“We are full-court; and pressing teams all game. We are more in-shape, a lot tougher, a lot stronger… With Gordon, he wanted me to be a ‘straight-shooter’, where Eason wants me to ‘drive, play defense, use my size’, there is a lot more freedom.” Walcott said.
Michael attributed the Bears’ high-octane defense, to their blow-out win over nationally-recognized Hillcrest Prep, during a scrimmage in early October.
Two key players in last year’s rotation, Darius Goudeau and Tre Mitchell, saw their seasons plagued by injuries; but have found their grooves in Eason’s “East Coast Style” of Basketball.
After an ACL tear in the 5th game of his freshman campaign, Mitchell was forced to sit out all of last year; fortunately receiving a medical redshirt for the season. The severity of an ACL tear is well-known, but the up-side in the 6’3 guard does not diminish in a single-season. As a senior at La Joya Community High School, Tre averaged 19.6 PPG, 4.3 RPG, 3.8 APG and 3.2 SPG. He is an all-around player who was severely missed in Gordon’s “shot-heavy” offense, last year. Prior to Gordon’s departure, Mitchell was touted as the next great Bear, in a long-line of recent PC guards for coach Gordon; but with coach Eason’s arrival, Mitchell has seen his (and others) roles, move to a team-oriented style of play. One, he is not discontent with either.
“I feel like, this year, anybody can have 20 points this game; 20, the next. Somebody 10 assists this game; different person might have 10 assists the next game. I feel like it is not just based off one-person this year. I feel like everyone is equally distributing.” Mitchell said.
Goudeau, who averaged 8.6 PPG and 4.9 APG in just 21 games, is already having feelings of similarity between Eason and his 2016 coach at Mesa High School. Goudeau and the Jackrabbits capped that season with a 27-4 record, finishing ranked #2 in the state and state champions.
“My high school coach was from Michigan. That’s kind of, like, the East Side. And that’s where coach Eason is from… so, you can see the style,” Goudeau said. “And when I first got here, I had to almost change my entire style cause how different Gordon was. Now, I got this coach; and he is super similar to my high school coach. So I am going back to my old ways; but also have habits from Gordon. That I need to, kind of, break; because it is just different coaching styles.”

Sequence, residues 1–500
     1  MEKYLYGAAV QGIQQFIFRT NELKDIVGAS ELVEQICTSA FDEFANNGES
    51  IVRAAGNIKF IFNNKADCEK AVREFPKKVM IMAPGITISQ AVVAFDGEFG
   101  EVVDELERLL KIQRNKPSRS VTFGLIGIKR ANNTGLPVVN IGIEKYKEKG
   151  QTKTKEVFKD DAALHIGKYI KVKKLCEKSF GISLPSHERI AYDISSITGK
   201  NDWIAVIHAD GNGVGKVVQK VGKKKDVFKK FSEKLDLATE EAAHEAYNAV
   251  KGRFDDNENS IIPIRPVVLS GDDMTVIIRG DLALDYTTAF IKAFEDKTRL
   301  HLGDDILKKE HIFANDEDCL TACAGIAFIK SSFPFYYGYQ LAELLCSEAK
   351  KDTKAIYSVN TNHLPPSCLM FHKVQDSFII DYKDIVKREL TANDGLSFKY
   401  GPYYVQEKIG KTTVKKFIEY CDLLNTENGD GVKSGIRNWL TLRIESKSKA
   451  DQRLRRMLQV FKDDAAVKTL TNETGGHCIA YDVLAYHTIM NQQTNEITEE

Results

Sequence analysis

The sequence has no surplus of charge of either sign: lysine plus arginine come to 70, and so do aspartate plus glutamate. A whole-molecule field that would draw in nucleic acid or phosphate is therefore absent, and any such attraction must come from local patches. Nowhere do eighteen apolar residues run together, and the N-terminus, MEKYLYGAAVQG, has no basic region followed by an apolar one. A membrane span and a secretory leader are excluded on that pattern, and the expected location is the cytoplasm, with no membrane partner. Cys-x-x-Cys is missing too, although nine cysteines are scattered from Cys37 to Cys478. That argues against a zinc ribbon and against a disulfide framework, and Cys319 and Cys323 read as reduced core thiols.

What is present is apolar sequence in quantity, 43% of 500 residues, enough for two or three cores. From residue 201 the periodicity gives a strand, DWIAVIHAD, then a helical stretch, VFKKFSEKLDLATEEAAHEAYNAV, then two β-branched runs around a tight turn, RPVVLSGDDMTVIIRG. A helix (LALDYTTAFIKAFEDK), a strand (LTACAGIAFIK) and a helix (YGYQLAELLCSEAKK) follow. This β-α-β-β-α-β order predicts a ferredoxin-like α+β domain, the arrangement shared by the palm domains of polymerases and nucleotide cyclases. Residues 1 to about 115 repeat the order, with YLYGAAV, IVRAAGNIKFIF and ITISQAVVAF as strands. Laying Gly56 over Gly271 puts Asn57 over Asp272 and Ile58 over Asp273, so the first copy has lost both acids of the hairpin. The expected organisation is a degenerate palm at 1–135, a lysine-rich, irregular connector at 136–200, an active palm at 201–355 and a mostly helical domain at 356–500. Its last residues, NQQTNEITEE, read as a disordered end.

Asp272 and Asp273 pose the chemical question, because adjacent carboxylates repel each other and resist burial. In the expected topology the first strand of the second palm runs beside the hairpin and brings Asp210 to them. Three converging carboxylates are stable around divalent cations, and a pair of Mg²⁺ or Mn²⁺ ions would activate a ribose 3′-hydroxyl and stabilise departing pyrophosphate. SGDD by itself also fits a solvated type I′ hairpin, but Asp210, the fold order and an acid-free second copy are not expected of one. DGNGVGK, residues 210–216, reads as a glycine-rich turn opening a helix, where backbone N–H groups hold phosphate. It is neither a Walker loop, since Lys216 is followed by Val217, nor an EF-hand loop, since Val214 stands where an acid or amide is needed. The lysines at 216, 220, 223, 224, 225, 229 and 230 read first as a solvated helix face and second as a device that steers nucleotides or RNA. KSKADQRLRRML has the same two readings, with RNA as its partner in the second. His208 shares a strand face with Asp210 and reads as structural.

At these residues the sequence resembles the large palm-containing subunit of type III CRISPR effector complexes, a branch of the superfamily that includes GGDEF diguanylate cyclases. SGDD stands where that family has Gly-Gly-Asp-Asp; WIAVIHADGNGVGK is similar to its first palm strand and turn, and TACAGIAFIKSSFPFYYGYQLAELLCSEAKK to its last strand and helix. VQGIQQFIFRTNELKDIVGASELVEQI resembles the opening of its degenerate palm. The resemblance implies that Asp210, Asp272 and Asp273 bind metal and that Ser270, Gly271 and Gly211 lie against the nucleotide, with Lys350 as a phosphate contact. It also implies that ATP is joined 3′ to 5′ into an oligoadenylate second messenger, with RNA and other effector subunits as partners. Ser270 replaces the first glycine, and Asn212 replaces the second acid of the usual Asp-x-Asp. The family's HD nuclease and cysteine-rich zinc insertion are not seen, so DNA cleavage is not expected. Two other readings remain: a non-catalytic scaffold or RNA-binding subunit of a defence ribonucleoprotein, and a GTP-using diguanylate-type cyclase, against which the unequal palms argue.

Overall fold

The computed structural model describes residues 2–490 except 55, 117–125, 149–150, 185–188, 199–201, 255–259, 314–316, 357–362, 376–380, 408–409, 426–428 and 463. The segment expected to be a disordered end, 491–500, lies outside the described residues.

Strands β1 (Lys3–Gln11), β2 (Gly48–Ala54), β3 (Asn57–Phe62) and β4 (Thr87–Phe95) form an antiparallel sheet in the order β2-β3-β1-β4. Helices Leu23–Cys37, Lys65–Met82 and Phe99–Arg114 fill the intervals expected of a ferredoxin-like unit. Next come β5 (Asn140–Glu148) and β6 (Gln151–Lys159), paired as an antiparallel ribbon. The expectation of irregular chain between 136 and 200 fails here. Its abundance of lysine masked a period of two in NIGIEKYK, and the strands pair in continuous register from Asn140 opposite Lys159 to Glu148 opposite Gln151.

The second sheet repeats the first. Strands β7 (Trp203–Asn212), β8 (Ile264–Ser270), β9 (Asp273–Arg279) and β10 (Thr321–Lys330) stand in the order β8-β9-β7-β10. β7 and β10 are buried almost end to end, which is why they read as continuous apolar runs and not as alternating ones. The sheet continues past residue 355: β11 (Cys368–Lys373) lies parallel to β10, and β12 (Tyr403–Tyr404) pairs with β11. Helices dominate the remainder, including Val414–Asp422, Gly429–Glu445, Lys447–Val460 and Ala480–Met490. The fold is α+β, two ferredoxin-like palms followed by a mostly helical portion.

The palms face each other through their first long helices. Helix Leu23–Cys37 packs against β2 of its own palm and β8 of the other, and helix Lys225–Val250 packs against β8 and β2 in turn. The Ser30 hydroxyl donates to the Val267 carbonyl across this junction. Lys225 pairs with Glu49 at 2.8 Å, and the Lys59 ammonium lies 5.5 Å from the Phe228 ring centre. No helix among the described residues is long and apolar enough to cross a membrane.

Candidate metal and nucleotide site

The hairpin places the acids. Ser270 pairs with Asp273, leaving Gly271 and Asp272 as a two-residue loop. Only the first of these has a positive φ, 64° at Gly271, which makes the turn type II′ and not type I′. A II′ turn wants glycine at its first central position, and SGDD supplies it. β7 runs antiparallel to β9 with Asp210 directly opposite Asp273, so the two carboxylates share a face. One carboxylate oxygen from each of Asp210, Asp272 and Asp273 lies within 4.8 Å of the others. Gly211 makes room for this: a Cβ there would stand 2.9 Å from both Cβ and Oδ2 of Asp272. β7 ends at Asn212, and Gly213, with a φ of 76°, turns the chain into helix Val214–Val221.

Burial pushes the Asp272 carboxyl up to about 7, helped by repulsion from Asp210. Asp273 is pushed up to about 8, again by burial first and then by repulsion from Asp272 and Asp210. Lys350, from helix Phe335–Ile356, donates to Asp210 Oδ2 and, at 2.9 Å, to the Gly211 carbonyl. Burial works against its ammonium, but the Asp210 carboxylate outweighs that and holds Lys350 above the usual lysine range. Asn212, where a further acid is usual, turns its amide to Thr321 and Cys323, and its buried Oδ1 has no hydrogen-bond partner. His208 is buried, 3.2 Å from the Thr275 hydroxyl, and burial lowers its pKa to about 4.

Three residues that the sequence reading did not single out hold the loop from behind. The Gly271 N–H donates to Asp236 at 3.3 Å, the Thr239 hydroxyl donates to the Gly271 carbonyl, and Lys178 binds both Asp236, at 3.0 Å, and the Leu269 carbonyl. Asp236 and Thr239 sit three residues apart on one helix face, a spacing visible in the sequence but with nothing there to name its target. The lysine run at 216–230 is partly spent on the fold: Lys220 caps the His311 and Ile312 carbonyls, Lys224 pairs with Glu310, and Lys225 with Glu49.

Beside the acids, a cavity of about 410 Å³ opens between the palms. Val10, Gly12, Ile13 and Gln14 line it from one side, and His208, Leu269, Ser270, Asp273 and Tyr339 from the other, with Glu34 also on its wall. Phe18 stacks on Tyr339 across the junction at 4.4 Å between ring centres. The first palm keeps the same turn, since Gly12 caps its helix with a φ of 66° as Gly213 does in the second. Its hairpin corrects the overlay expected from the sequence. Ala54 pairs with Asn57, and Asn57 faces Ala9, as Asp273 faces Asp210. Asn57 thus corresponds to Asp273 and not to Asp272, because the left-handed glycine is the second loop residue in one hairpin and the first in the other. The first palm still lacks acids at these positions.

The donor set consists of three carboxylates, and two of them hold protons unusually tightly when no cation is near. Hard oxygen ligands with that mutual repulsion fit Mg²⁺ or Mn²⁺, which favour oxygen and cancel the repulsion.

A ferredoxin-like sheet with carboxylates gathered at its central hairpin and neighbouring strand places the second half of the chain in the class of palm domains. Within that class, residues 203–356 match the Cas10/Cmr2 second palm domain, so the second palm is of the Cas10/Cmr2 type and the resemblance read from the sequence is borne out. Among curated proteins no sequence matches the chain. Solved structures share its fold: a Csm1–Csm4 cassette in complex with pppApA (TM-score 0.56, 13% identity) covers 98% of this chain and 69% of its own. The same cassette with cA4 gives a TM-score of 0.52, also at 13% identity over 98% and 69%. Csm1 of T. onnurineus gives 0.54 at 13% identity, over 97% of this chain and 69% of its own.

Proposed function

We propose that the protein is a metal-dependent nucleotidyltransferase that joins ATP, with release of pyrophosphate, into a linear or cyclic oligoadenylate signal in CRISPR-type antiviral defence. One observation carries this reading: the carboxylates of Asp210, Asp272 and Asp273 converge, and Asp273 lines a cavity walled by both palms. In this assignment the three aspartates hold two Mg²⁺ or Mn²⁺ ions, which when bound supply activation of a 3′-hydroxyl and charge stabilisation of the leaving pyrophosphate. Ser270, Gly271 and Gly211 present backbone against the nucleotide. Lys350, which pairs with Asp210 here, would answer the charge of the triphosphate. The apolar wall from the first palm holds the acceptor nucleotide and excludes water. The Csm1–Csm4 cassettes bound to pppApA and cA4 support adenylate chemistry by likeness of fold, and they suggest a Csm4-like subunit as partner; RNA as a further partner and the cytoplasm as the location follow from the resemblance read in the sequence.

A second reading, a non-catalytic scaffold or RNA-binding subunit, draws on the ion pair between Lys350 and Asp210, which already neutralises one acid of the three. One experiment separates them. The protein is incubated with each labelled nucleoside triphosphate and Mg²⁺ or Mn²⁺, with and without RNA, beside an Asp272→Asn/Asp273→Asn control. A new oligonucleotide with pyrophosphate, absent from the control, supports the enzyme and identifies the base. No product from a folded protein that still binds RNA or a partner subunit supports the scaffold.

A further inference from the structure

Darius continued on, mentioning how “team-oriented” the Bears’ feel this season. There are no special players on the team; but everyone is aware of their role, and how to contribute to the team. He also touched on both coaches’ impact on his game. Coach Gordon showed Darius “how” to be a good player. He feels coach Eason took it a step further, showing him he “can” be a good player; and that he “is” a quality athlete.
Sophomore point guard, Kenny Sutton is optimistic this change will shed light on a new aspect of his game, being a “Floor General.” Sutton, an active player in both Gordon and Eason’s schemes, showed flashes of first-team talent last year. 4th in APG; and 3rd in PPG, Sutton has solidified his spot in Eason’s offense; embracing both the coach, and his style of play.
“The way he wants to play is more, ‘my game’, and that allows me to showcase my talent. And that makes my teammates better,” Sutton said.
Despite the Bears’ last seven, regular season ending with clinching the title. The Bears’ have had trouble recently closing out, in the finals minutes of their recent tournament games.
“I just feel a lot of people haven’t been in that position of ‘winning’. So when they get there, they don’t know to just ‘keep doing what you’ve been doing’,” Mitchell said.
Eason’s style is centered on fundamentals, defense and conditioning. His “championship-or-bust” mentality keeps a program, who hasn’t missed the post-season since 2004, in high contention regardless of shift-in-power.
“The goal is to keep the program where it has been: Top 25 in the Country, at the top of the conference and challenging for a National title,” Eason said. “Uniquely, I’ve been saying ‘we’re going to win the region and go to nationals’. Cause last year, at Mountain Pointe, I kept saying ‘we would be good enough to make a run at the championship’. I feel like that message was kind-of spoken into existence… even though we lost, our goal was ‘we are good enough to get to the championship’. Versus this year, ‘we got to win the region’.”
The optimistic mentality has been picked up by near, all of the players. They not only feel they are a talented bunch; but that they can advance further than Bears’ teams in recent past. All four sophomores also agree that this team is like a brotherhood.
“It goes deeper than basketball. Yeah, we are competitive on the court; but off-the-court, we are brothers. We hang out with each other. We all think each other are funny,” Walcott said.
Pre-season polls have the Bears’ ranked 9th in the NJCAA. They will see their first action, Friday through Saturday, at the Chaparral Classic in Midland, TX. They return home for a tournament at Phoenix College; but they are “neutral site” games. There first match-up will be against New Mexico Junior College.
Ticket prices TBA.